AT THE ONGOING Liberia Constitutional Consultation being held in Gbarnga, Bong County, organized by the Constitutional Review Committee(CRC), Liberian Women are still demanding fifty percent in government and noted that political parties should ensure that fifty percent of elected and appointed positions be of the same gender. The women want equal representation;request an addition to Article 18(b) that will guarantee fifty percent representation of women and men in all public functions and equal access to opportunities in the private sector.
THE WOMEN NOTED that a new provision be added as Article 79(f) where Political parties shall ensure fifty percent of elected or appointed position be of the same gender.The Liberian women also want an Addition to Article 11 (a) which would indicate that the Constitution shall guarantee special representation of men and women with disabilities and differently abled people and the youths.
THEY WANT THE Legislature to enact appropriate laws for the implementation of these provisions, justifying that the Constitution of the Republic of Liberia does not have specific provisions with regards to affirmative action mandating women’s representation in public or private leadership spaces.Giving further justification, the women said this percentage is lower than what is obtaining in African countries and observed that currently the average representation for women in Sub Saharan Africa stands at 22percent.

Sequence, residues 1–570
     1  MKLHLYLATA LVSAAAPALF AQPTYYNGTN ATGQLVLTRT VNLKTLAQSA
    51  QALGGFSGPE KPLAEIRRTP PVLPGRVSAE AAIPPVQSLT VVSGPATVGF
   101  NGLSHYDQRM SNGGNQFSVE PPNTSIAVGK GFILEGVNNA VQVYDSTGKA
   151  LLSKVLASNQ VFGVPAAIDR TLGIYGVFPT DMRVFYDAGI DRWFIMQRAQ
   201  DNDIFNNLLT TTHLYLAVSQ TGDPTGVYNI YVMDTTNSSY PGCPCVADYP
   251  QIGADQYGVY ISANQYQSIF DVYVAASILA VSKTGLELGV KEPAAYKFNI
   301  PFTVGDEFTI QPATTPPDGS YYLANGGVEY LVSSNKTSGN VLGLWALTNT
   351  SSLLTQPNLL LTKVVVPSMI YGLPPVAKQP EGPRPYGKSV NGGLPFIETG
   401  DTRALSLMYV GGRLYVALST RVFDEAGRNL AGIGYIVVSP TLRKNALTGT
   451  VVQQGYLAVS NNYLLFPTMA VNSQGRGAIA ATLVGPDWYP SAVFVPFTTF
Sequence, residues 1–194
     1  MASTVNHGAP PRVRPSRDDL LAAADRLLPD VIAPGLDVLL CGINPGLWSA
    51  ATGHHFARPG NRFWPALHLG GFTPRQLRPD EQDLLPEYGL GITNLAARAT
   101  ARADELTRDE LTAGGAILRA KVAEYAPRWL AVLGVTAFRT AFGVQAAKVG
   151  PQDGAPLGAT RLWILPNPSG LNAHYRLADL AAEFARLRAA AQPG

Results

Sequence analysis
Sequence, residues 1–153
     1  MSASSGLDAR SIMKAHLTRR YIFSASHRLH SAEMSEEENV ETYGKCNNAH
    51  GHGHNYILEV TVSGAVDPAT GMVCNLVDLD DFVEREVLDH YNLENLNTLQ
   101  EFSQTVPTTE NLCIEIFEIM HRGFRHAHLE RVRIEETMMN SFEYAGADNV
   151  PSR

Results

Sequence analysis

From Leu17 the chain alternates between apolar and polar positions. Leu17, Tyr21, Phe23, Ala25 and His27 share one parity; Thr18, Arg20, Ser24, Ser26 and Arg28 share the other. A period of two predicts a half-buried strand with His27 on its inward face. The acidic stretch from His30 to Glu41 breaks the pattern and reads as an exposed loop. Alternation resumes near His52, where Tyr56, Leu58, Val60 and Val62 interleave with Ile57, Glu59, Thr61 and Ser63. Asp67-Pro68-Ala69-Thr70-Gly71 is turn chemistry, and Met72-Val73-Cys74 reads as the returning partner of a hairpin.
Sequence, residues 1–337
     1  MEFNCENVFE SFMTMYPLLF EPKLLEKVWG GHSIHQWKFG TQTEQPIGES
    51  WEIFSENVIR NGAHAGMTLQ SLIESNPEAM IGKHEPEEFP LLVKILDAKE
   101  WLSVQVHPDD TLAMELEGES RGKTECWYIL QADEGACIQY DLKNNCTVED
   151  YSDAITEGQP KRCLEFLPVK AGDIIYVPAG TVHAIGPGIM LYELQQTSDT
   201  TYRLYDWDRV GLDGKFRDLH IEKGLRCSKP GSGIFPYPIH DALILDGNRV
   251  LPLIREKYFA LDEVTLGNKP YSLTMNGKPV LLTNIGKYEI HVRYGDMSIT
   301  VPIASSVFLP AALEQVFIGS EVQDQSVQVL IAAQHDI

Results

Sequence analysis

THE WOMEN SAID they drew inspiration from a lot of changes happening on the continent in this respect as highlighted by the various provisions of countries like Rwanda, Kenya and Zimbabwe that have a comprehensive structure that unapologetically entrench gender equality. They said as it stands today Zimbabwe’s constitution provides for 50/50 representation of women inParliament; Rwanda is now the world’s number one and has a female parliamentary representation of 63 percent.
ON MARRIAGE, THE women also suggested that an addition be made toArticle 23 (a) which will ensure that the Constitution shall protect the institution of marriage by recognizing 3 forms of marriages: Statutory, Customary and Common Law. They said under this constitution; the legal age for marriage shall be 18 years; all marriages in Liberia shall be voluntarily entered into.
THE WOMEN ALSO suggested that Article 23(a) be replaced as 23 (b) with additions and the legislature shall enact laws to govern the devolution of estates and property and establish rights of inheritance and descent for spouses of both statutory, customary and common law marriages as to give adequate protection to surviving spouses and children of such marriages. They also proposed that Article 23 (d) shall read “All men and women in a marriage shall own all properties acquired during the union in common unless the couple choose an alternative in writing, such property shall not be alienated or controlled by one spouse except by the free and voluntary consent of both parties.
HAVING OUTLINED THESE proposals by the women, it is prudent that the constitutional consultation that is ongoing gives some credence to these proposals and study them properly for the matter to indeed justify inclusion in the body politics of Liberia which all gender belongs to.
WE THEREFORE URGE the organizers to adequately study these proposals and go a step further in ensuring that these provisions are working in those countries cited or they are just a matter of record on their respective books without implementation. The women must be listened to if Liberia’s new born democracy must survive the test of time and ensure that every aspect of our society be part of our body politics without anyone feeling excluded. Really the women and any other groupings or stakeholders must be listened to with appropriate mechanism applied to have an inclusive constitution that will satisfy all.